Jamison, an artist herself, who co-founded the city’s Gallery at the Vault, a downtown art and craft center, was tapped as gallery coordinator in Great Hall after touring the old company (established in 1896) last fall with developers Rick Genderson and John Meekin, both of Washington, D.C.
“The passion they showed for the building, the integrity, their vision. … I bought into all of it,” says Jamison.
The pair put together a $13 million renovation with private investment money and a mix of government funding.
The health center will draw people, so will a bank, but the developers are putting much weight on the Great Hall and the historic aspect of the building itself to bring visitors – which everyone agrees would be good for the neighborhood and for all of Springfield, which looks a little worse for the wear these days.
When the machine tool industry pulled back, starting in the ‘70s, so did the city. There are now maybe a half dozen machine-tool companies, employing 200 total.
“It’s an area that has gotten kicked from everybody, and here you have this beautiful old building on a beautiful river with an exceptional space,” Genderson said recently. “It needed some help, the area needed some help, and you had some good people who were willing to work on it, and we were willing to take a chance on it.”
Jamison lined up 13 artists for the initial exhibit titled “Emergence,” reflecting the old building’s reinvention, plus some themes in the artwork. Examples she gives: a breaching whale, titled “Leaping Humpback” ($6,000) by Rick Hearn of Chester; and flowers bursting forth, as in “Red Peony” ($3,500) by Robert J. O’Brien of Perkinsville.
Jamison says she expects to present a new exhibit every six months and to perhaps halve the number of involved artists. “Great Hall” will also be a good place for performance art and music. Jamison proudly reports that renowned poet and playwright David Budbill of Wolcott has promised to give a reading.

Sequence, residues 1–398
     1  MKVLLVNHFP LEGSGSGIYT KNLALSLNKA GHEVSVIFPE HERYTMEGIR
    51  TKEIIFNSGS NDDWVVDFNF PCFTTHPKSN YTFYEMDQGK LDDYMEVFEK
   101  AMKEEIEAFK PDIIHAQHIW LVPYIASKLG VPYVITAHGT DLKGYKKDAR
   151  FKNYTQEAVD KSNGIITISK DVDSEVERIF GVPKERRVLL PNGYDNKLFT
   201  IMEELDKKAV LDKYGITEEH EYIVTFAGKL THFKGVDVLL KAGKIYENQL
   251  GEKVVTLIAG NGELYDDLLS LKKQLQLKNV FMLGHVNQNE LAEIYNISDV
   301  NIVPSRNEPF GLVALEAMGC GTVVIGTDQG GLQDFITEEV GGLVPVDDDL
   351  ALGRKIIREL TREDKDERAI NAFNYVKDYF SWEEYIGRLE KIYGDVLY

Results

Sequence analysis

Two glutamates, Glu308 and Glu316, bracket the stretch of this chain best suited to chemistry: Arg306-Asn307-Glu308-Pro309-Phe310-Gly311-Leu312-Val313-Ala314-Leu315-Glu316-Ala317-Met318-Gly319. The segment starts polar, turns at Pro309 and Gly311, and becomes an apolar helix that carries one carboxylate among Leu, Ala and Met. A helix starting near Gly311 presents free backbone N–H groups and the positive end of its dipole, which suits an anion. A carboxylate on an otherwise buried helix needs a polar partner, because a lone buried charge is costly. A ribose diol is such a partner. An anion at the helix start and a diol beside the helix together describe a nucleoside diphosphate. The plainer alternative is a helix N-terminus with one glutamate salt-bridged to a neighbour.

So far, so good. Some 275 people, including local dignitaries, and one of Vermont’s best-known artists, Sabra Field, attended the grand opening two weeks ago. They sipped wine and applauded the art and the beauty of the old factory room. “There were lots of (congratulatory) hugs,” Jamison says.
The volunteer docents, who will be on hand for at least the next month, won’t be giving hugs, but they’ll have stories to share.
Don Whitney of North Springfield started working at the plant in the early 1940s and recalls the factory garden, tilled by two farmhands, which provided fresh produce for the company cafeteria. The former engineer points out a window to a spot in the surrounding residential neighborhood where there was once a blacksmith shop run by a Russian named John.
Joyce Ordinetz of Springfield, who took a job at Fellows when she was 17 in 1945, and who worked as an executive assistant, has a laugh while viewing a photo of the president of the company a half-century ago.
While driving to work, she says, as a gesture of kindness, Edward Miller would pick up workers walking to or from the plant. He wasn’t the best driver, she says. “We put our lives at risk.”
While poring over the guest book that visitors will be asked to sign, and discussing in detail the gear shapers of the early 20th century, one docent offers a gentle reminder: “We have to be careful we don’t bore people.”
Dirk Van Susteren of Calais is a freelance writer and editor.